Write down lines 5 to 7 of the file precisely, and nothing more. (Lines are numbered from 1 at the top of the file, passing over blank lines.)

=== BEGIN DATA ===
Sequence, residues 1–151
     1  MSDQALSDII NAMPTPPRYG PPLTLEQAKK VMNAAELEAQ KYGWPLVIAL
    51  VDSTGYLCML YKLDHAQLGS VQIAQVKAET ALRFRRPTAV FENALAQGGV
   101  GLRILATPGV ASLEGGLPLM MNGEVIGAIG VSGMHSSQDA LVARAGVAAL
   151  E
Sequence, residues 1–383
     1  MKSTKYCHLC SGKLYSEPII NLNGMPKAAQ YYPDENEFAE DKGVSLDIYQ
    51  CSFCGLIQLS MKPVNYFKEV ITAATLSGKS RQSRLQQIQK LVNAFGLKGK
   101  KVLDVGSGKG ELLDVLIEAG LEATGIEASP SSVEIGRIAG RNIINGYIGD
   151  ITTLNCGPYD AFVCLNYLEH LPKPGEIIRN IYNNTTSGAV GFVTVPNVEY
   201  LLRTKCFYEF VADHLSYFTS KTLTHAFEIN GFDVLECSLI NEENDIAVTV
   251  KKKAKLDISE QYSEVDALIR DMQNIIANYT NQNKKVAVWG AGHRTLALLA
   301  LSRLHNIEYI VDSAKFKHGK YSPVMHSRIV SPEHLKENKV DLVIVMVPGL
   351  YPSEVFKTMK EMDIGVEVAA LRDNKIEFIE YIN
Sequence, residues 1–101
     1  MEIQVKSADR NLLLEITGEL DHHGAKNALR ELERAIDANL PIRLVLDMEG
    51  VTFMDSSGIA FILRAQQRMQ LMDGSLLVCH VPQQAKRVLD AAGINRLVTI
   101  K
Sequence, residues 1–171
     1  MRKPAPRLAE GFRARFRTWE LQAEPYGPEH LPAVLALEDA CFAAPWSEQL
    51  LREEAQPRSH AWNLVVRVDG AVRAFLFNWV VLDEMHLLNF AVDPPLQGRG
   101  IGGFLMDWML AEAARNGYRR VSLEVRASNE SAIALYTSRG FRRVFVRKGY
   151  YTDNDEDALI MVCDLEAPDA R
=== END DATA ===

   151  E
Sequence, residues 1–383
     1  MKSTKYCHLC SGKLYSEPII NLNGMPKAAQ YYPDENEFAE DKGVSLDIYQ